There comes a time in any campaign cycle when parties and the donors affiliated with them review their investments and cut their losses. It can be an especially painful process in a potential “wave” election year, particularly a midterm when the party in power knows it’s going to lose House seats but is focused on maintaining control.
For Republicans right now, that means holding the line at 22 net lost House seats at worst. Since there are very, very few vulnerable Democratic seats that could offset GOP losses (of the 66 House races the Cook Political Report considers competitive, only four are in districts held by Democrats), Republicans must triage their most afflicted incumbents. And as Politico reports, the process is fully under way:
Behind the scenes, senior party strategists have begun polling to determine which incumbents may be beyond saving. Among those most in jeopardy of getting cut off, they say, are Virginia Rep. Barbara Comstock, Pennsylvania Rep. Keith Rothfus, and Iowa Rep. Rod Blum, all of whom are precariously positioned in their districts.
The party has to date reserved millions of dollars of future advertising time to buttress Comstock and Rothfus. Yet those funds are not guaranteed — they still might be diverted to other incumbents viewed as more likely to win in the fall.
Cook rates the Comstock and Rothfus races as “Lean Democratic,” but still has Blum’s race as a toss-up. The three districts are illustrative of the range of problems the GOP is having this year. Comstock’s district is a classic suburban enclave loaded with college-educated voters who are hostile to Donald Trump. Rothfus was stricken by the Pennsylvania Supreme Court’s remapping of the state’s congressional districts to erase the effect of an earlier GOP gerrymander. He was tossed into a district with Democrat Conor Lamb, fresh from his astonishing special election win in more difficult terrain. And Blum is a conservative ideologue who won and was reelected in Iowa’s very good Republican years of 2014 and 2016, but is endangered by what appears to be a Democratic comeback in that state.
But these incumbents are just the low-hanging spoiled fruit, and others may soon get the financial heave-ho:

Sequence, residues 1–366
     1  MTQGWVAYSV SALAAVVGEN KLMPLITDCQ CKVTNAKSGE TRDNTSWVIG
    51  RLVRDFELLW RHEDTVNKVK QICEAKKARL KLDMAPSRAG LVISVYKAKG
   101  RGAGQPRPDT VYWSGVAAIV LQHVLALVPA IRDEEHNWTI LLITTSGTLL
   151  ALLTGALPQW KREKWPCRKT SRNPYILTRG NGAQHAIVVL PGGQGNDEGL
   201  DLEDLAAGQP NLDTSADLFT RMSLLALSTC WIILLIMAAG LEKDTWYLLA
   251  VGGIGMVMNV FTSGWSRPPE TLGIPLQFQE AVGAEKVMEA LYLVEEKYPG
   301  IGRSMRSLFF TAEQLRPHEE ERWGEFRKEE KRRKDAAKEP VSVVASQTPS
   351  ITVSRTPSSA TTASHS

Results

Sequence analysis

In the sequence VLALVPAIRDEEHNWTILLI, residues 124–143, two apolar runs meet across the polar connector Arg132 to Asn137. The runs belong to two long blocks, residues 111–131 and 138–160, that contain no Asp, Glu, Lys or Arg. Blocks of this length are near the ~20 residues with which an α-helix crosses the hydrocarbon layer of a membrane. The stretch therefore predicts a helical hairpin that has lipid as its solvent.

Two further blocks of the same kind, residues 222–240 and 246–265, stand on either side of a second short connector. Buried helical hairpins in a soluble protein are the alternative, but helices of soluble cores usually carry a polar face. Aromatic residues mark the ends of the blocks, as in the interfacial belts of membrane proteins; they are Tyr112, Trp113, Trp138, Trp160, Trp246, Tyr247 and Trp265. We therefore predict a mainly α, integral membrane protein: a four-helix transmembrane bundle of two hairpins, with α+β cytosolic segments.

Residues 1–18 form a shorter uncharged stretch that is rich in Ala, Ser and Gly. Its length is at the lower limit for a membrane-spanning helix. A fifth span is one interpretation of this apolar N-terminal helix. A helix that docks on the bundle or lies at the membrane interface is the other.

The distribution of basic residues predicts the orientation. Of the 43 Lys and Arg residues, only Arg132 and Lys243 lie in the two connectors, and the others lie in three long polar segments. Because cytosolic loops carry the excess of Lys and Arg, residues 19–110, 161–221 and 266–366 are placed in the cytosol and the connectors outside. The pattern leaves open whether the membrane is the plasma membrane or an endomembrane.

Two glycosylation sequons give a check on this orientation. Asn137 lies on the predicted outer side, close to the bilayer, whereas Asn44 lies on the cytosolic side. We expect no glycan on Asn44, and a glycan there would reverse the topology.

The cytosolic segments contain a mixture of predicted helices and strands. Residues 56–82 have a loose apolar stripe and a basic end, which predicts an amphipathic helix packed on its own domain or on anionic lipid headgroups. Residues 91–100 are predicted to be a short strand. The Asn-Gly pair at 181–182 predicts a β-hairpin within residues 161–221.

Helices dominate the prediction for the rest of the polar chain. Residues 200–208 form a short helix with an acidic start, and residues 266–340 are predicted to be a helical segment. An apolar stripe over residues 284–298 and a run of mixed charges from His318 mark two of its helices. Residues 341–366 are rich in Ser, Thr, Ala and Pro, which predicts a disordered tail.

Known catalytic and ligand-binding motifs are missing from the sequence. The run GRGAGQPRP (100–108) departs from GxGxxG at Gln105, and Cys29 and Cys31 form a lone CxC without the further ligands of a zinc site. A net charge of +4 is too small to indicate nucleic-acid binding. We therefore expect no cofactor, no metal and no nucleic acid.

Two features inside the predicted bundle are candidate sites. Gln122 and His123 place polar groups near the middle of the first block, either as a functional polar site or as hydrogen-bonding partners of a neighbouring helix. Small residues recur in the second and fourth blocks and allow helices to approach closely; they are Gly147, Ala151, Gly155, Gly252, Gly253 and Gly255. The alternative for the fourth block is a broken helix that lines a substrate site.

The anxiety is already rising among lawmakers and their allies. Kansas Rep. Kevin Yoder, an imperiled suburban congressman whom Democrats are spending heavily to defeat, has recently complained to allies that the national committee hasn’t done enough to help him in his reelection bid, according to four people familiar with the conversations.
Such complaints, however, go in both directions:
During a House GOP Conference meeting this spring, NRCC [the party’s House fundraising committee] Chairman Steve Stivers told members not to expect the party to bail them out later in the campaign if they failed to pull their weight. He pointed out that the party had already waged a costly and ultimately unsuccessful effort to rescue an underperforming candidate in a Pennsylvania special election.
As proof of that approach, the House GOP campaign arm has barely budged despite pleas for additional financial support from endangered Iowa Rep. David Young and his campaign team — at least partly because they view him as a sluggish campaigner, said two senior Republicans familiar with the party’s deliberations.
It’s true that incumbents are likely to get a thumb on the scales in such calculations as opposed to open seat candidates or those challenging Democrats, since the party committees are supervised by incumbents and the “outside” groups tend to follow their lead. But when all those chairmanships and other perks of the majority are in danger, collegial solidarity will only go so far:
“The NRCC isn’t going to be able to help those who haven’t helped themselves,” said former Pennsylvania GOP Rep. Phil English, who was involved with the committee during his House tenure. “These are very Darwinian decisions. It means selection of the fittest.”
And the party that likes to think of itself as being devoted to a competitive market philosophy can’t expected to do too much for “losers.”